The Domain Guide to the recent home affordability reforms

First home buyers will be helped into the property market with more than $1 billion of stamp duty concessions and measures to level the playing field with investors under reforms unveiled by Premier Gladys Berejiklian to tackle housing affordability.

“It is about getting people into the market. That is what we are solving for today,” Ms Berejiklian said.

But the NSW government is being criticised for an absence of measures to boost the construction of affordable housing for low and medium-income workers such as nurses, teachers and police.

Under the package, first home buyers of existing and new properties costing up to $650,000 will be exempt from paying stamp duty from July 1.

This lifts the value of eligible properties from the existing $550,000 and reintroduces existing homes to the scheme.

Buyers of first homes worth between $650,000 and $800,000 will receive stamp duty discounts.

The changes to stamp duty concessions are estimated to deliver savings of up to $24,740 for a first home buyer in NSW.

“It is about getting people into the market. That is what we are solving for today,”

Gladys Berejiklian, NSW Premier

As well, the 9 per cent stamp duty charged on lenders' mortgage insurance will be abolished.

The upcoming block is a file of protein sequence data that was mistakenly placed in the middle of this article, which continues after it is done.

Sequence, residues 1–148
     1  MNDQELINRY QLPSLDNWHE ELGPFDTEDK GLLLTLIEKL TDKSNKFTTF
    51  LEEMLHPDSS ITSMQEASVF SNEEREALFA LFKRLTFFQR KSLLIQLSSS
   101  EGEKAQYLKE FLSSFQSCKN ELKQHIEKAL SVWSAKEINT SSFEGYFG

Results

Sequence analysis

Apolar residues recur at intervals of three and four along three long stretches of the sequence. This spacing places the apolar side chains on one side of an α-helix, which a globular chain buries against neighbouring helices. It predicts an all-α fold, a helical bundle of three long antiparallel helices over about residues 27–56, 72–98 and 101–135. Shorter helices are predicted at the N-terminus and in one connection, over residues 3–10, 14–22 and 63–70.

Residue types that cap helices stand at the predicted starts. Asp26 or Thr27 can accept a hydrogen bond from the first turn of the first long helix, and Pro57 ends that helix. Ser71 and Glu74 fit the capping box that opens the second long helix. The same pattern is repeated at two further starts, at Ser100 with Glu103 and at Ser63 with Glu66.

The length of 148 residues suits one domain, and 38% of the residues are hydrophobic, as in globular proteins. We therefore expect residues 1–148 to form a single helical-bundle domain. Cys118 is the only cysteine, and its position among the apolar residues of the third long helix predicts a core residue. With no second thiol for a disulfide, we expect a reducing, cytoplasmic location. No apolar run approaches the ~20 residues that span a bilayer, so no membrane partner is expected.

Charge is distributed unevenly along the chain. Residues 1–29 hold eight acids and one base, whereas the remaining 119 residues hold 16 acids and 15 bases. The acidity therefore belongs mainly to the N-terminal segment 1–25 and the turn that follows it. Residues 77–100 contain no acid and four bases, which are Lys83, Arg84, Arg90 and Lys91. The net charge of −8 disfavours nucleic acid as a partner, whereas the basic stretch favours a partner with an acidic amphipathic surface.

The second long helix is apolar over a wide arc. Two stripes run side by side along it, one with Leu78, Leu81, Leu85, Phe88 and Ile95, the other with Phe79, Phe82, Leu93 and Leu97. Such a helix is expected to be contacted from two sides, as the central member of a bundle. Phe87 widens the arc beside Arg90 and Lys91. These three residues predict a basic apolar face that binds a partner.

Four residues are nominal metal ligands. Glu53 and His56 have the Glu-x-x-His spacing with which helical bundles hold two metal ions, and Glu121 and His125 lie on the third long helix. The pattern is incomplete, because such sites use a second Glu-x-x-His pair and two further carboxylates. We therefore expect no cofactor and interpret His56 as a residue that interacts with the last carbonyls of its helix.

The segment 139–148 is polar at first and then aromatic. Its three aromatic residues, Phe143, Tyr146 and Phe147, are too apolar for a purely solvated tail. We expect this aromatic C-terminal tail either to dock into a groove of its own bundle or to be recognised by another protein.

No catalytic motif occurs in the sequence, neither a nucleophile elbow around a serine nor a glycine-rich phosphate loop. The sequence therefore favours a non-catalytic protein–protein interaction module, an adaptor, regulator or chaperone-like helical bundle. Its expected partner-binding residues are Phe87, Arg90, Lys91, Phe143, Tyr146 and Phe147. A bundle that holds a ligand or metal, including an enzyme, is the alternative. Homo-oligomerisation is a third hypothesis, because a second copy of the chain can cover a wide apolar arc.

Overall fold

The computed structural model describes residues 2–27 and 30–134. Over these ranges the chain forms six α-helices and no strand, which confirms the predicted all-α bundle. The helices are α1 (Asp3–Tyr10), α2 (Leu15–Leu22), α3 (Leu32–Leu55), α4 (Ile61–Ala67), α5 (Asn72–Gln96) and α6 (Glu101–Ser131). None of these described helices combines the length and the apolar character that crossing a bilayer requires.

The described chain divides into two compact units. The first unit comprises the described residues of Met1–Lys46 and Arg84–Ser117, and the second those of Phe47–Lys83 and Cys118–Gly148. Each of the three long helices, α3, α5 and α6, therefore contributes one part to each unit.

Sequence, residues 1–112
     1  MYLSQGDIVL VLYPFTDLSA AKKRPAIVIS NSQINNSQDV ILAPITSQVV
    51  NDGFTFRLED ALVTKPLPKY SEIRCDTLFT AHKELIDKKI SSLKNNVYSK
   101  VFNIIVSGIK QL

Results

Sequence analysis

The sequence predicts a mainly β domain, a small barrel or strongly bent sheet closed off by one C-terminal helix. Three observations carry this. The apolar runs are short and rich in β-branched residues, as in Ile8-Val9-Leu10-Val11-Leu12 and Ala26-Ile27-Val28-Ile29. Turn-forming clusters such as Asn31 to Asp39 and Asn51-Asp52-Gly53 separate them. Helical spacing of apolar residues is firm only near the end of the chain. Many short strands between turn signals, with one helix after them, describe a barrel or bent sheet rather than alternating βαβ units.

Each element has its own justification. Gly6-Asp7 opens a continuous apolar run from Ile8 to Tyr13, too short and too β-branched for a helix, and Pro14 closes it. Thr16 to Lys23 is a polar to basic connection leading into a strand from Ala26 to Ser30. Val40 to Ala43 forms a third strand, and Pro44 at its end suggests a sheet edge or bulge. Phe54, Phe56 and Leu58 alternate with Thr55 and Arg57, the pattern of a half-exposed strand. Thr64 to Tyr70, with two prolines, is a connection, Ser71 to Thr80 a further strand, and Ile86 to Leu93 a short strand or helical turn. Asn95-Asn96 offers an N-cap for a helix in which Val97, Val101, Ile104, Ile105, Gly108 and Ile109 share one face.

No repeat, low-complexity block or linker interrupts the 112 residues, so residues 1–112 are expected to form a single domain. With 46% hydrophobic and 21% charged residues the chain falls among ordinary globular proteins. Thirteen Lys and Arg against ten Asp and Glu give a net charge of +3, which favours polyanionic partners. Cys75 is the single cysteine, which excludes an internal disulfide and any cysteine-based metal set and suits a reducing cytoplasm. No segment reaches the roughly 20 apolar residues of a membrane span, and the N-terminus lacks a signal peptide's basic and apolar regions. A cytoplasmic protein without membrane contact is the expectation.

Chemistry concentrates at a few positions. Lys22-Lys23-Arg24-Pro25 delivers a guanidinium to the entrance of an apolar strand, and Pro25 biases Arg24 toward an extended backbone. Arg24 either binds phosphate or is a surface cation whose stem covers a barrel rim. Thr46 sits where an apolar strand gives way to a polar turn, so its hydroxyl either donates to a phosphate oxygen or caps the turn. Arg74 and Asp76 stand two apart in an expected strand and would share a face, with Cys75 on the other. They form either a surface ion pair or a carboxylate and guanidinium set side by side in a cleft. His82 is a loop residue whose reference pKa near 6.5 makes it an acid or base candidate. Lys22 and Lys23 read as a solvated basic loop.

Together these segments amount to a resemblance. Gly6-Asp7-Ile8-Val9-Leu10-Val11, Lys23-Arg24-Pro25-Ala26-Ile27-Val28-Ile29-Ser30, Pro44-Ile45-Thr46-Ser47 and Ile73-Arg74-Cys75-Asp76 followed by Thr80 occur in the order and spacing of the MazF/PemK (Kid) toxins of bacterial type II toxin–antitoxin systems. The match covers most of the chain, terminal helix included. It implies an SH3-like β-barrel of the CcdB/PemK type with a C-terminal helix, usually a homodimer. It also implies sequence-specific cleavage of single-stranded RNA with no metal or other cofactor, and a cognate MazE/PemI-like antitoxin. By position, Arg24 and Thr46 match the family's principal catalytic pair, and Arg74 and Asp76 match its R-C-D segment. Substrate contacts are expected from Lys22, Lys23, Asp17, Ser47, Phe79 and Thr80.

However, Ms Berejiklian announced tighter eligibility criteria for the existing $10,000 first home owner grant.

While the grant will remain available, the eligibility cap for those buying a new home drops to $600,000.

It is expected this change will drive land sales.

There is also potential for house prices to become heightened as a result of the stamp duty being axed. 

Across the Mid North Coast, there is huge demand for houses which are priced around the $450,000 to $500,000 mark.

Three and four bedroom family homes are selling quickly, and are often being bought by investors sight unseen.

This drive will see a younger demographic come back into the market.

It is expected that first home buyers will help to drive the market from the bottom end upwards. 

This is being seen as a postive move to help first time buyers onto the first rung of the property ladder.

This story Home affordability reforms first appeared on Port Macquarie News.